An icon that marks all of our informational disease pages

Charcot-Marie-Tooth Disease (CMT)


What is Charcot-Marie-Tooth disease type X (CMTX)?

CMTX is a subtype of CMT, a genetic, neurological disorder that causes damage to the peripheral nerves — tracts of nerve cell fibers that connect the brain and spinal cord to muscles and sensory organs.

What are the symptoms of CMTX?

CMTX has many of the same symptoms of CMT1 and CMT2, including muscle weakness and atrophy, and changes in sensation, mostly in the feet, lower legs, hands and forearms.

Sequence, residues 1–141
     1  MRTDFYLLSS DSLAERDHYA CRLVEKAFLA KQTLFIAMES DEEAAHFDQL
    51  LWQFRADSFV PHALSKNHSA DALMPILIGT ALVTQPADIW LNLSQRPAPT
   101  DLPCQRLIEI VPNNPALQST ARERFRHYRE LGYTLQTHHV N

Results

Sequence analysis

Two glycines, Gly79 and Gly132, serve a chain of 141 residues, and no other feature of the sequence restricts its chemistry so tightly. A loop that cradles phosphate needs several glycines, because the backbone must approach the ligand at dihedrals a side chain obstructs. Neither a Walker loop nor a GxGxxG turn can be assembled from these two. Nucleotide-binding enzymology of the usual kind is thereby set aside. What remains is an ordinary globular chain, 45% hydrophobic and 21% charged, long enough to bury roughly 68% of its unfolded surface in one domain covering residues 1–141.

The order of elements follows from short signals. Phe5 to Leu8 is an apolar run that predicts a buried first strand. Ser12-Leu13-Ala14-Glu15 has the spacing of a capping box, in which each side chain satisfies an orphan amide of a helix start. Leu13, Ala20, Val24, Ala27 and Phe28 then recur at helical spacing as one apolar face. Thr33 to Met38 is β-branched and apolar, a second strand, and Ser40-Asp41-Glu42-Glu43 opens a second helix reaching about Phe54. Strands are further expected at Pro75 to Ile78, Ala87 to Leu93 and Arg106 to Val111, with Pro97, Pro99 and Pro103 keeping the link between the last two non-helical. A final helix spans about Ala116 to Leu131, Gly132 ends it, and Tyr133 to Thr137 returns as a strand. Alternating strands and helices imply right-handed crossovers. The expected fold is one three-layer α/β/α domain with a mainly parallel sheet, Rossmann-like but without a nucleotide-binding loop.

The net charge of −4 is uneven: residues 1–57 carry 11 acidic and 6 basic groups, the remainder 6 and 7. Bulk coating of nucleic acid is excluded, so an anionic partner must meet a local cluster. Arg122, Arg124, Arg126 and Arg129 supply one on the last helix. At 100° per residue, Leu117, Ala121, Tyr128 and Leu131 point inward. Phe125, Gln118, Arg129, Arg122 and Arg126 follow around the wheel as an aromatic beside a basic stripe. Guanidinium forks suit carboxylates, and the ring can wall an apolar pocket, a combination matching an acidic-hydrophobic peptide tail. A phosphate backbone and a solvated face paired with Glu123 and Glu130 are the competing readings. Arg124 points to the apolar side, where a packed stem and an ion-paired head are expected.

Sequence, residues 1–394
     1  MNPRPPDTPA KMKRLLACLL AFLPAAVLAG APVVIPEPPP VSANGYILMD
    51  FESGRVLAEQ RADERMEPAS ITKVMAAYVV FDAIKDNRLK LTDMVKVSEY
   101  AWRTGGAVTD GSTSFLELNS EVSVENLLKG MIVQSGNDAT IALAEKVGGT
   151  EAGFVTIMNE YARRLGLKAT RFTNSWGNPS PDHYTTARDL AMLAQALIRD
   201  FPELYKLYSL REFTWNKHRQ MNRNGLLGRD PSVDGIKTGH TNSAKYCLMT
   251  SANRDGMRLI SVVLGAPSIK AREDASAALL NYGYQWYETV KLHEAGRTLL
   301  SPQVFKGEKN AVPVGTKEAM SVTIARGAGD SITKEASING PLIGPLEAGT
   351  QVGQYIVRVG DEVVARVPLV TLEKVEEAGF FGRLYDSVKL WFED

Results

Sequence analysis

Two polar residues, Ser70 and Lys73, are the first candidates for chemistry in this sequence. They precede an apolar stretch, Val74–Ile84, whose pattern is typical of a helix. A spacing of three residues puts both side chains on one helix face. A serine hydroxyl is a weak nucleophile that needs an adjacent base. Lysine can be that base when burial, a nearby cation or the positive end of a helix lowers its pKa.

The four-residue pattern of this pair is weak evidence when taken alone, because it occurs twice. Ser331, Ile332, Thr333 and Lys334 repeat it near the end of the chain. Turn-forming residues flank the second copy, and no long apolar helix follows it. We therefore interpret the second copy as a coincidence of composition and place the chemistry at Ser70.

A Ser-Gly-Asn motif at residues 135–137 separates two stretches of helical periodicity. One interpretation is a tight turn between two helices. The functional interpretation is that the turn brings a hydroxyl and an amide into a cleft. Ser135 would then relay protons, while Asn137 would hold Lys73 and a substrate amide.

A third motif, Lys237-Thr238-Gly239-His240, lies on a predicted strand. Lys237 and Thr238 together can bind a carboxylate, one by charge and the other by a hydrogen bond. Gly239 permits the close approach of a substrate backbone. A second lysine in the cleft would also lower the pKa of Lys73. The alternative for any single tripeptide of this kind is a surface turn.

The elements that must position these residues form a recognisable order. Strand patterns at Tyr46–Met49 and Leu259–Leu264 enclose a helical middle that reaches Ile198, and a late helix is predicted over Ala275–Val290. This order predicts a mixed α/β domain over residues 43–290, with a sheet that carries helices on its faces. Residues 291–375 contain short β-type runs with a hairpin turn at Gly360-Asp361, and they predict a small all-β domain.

Because of its linkage to the X chromosome, CMTX often affects males more severely than females. See Signs and Symptoms and Causes/Inheritance for more.

What causes CMTX?

CMTX is caused by mutations in the gene for connexin 32, which normally codes for a protein located in myelin, the insulating sheath that surrounds nerve fibers.

What is the progression of CMTX?

CMTX has its onset in childhood or adolescence, and progression is generally slow.

What is the status of research on CMT?

CMT research is focused on exploring the effects of defects in genes related to the peripheral nervous system and devising strategies to combat these effects.

Looking for more information, support or ways to get involved?

  Donate to end ALS and your gift will be matched! Donate Now.